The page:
Category Archives: critique of religion

Yes, the natural sciences and religion do conflict

A first glance at the issue may indicate that there is no conflict between science and religion. They work in different areas of human reality, and do not infringe on each other. But as is often the case, a first glance does not tell the whole story. To tell the whole story, we have to take a closer look at the activities of scientists and the claims of religious people. When we do, we shall find reason for rejecting the claim that there is no conflict between two areas of human activity.

C Rulon: Anti-choice efforts are almost entirely driven by men

Even though a sizable minority of (mostly very religious) women oppose abortion choice[i], the overwhelming majority of anti-choice voices in power (in our pulpits, media and political machines) have always been voices that will never have to experience an unwant­ed preg­nancy — powerful male voices — voices from cardinals, bishops, priests, televangelists and ministers — voices from U.S. congressmen and state assemblymen.

C Rulon: Roman Catholic Church and Emergency Contraception‏

Every year in the U.S. over three million unin­tended preg­nancies occur. About 1.3 million end in abor­tions. But with emergency contraceptive pills (EC) taken within 72 hours of unprotected sex the number of un­intended pregnan­cies might actually be cut in half. Thus, the wide­spread easy availability of EC could consti­tute one of the most important advances in birth control in the last 40 years. Yet, there remains strong religious opposition to EC, mostly from the Roman Catholic Church.

Theology in Retreat?

Whenever I hear this point raised by some theologian, or a theistic philosopher, or any apologist for the theistic line I’m reminded of an episode from “The Simpsons” in which young Bart is confronted with some mischief that points to him as the perpetrator. He makes a series of exclamations of diminishing innocence.

C. Rulon: Science & the Genesis Global Flood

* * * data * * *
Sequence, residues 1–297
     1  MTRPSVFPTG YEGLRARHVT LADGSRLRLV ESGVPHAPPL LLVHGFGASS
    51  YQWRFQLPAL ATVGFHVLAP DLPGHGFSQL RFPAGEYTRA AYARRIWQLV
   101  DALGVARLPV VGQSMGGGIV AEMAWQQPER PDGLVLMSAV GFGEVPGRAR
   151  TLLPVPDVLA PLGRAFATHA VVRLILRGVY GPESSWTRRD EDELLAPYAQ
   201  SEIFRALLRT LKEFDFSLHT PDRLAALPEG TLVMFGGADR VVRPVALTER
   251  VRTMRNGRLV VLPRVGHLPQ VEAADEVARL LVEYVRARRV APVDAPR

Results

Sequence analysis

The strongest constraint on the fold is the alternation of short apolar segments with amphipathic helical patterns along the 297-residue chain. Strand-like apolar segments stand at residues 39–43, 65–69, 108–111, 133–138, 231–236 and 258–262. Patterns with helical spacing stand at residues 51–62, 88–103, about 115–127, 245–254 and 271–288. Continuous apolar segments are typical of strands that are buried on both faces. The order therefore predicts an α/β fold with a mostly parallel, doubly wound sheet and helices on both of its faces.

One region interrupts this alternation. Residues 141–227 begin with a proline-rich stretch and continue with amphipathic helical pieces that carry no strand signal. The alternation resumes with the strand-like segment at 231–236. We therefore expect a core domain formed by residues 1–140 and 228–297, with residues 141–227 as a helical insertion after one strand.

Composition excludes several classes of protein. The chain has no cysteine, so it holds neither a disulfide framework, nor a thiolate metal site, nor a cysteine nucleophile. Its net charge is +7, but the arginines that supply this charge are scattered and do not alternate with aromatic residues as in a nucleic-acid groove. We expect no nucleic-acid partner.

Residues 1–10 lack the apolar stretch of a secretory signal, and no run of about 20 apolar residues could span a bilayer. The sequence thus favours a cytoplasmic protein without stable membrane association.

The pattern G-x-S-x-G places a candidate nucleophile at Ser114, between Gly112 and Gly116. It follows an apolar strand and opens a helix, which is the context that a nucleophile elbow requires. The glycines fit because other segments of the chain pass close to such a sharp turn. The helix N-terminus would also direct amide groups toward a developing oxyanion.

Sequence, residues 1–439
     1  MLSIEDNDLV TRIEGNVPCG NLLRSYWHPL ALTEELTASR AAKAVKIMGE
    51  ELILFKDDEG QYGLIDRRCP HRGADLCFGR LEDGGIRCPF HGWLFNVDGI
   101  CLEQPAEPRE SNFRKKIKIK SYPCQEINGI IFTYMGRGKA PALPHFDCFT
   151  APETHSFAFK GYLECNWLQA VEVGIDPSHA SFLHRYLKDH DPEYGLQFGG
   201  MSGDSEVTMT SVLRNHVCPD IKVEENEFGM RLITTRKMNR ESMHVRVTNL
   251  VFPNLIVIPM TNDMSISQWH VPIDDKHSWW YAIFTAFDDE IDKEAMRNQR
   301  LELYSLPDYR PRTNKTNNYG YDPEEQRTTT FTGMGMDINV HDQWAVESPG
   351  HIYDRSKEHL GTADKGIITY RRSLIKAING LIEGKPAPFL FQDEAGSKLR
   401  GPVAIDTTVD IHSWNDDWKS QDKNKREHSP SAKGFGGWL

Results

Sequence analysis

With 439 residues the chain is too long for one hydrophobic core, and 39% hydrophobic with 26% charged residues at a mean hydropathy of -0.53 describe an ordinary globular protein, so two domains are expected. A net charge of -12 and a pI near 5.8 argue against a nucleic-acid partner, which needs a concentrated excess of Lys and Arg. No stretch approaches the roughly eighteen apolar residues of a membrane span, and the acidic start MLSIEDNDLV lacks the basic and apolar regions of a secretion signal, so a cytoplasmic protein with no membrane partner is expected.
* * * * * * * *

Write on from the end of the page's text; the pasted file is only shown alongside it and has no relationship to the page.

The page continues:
In 1988, a sur­vey was reported involv­ing more than 2000 col­lege students on 41 cam­­puses across the country.[i] About 40% of these students (62% in Texas from a different survey[ii]) said they believed that human life origi­nated in the Garden of Eden in the last 10,000 years, and that the worldwide flood described in Gen­esis was liter­al­ly true, and that dino­saurs and hu­mans lived at the same time.

C Rulon: The U.S. government & the Ten Commandments

House of Representatives passed the Ten Command­ments (10C) Defense Act Amendment by a vote of 248 to 180. This act called for the 10C to be posted in every public school room, court­room and government build­ing across our nation.[i] Supporters in Con­gress claimed that “God’s Laws” formed the basis of the American legal system. . .Yet, posting the 10C is a really bad idea, unless our goal is a medieval Christian theocracy.

C Rulon: Every cruelty has been justified in the name of this god or that god

A conflict of global importance exists today be­tween two fundamentally different views of morality and even of reality, itself. One view is sup­ported by several hun­dred years of solid scientific discoveries, ra­tion­al critical thought, comparative religious studies, and humanistic ethics. The other view is based on narrow inflexible inter­pre­­tations of ancient reli­gious texts. The United States with its Christian Right and their medieval faith-based agenda is a disquieting anomaly in the present indus­trialized world — an anomaly that wishes to turn the clock back and undo not only the scientific and democratic revolutions of our time, but also to repeal the Enlightenment.

C Rulon: Scientific Knowledge Devastates Many God Beliefs

A few centuries ago, physical evidence for an all-powerful God seemed everywhere in the Western world. After all, how else could one explain the existence of our bounti­ful Earth at the center of an awe-inspiring cosmos, with planets and stars circling Earth in perfect God-like circles? . . Then came modern science and over the last 400 years essentially all of the “proofs” for God’s existence turned out either to be false or to have quite natural explana­tions. All of the relevant scientific evi­dence—from astro­physics, to our evolu­tion, to the biochem­istry of life, strongly sup­ported the thesis that there never were any gods in the first place, . .